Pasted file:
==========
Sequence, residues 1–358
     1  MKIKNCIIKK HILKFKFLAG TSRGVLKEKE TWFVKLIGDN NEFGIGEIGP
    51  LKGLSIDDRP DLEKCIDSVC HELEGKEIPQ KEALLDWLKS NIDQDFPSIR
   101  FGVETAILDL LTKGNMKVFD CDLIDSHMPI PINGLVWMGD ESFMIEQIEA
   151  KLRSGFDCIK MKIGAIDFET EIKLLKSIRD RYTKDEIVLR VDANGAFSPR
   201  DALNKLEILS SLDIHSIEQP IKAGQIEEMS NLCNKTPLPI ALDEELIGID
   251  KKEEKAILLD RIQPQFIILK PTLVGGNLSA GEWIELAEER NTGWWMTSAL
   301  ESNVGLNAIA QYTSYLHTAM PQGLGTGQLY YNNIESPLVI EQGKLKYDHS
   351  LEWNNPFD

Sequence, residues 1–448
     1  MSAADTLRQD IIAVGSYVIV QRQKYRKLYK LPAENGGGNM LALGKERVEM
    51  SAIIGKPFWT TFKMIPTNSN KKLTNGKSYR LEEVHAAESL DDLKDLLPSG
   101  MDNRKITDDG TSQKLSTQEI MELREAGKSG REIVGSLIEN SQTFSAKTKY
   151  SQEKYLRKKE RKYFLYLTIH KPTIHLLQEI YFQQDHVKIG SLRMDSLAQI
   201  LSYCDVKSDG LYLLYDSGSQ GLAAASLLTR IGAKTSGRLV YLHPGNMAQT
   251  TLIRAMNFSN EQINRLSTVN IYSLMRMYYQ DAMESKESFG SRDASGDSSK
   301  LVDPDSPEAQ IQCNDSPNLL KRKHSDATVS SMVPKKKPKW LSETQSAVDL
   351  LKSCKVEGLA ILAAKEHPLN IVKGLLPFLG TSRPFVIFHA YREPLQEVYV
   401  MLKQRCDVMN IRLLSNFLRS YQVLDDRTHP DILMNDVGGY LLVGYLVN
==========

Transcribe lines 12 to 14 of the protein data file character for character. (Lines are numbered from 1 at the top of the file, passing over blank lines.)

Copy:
    51  SAIIGKPFWT TFKMIPTNSN KKLTNGKSYR LEEVHAAESL DDLKDLLPSG
   101  MDNRKITDDG TSQKLSTQEI MELREAGKSG REIVGSLIEN SQTFSAKTKY
   151  SQEKYLRKKE RKYFLYLTIH KPTIHLLQEI YFQQDHVKIG SLRMDSLAQI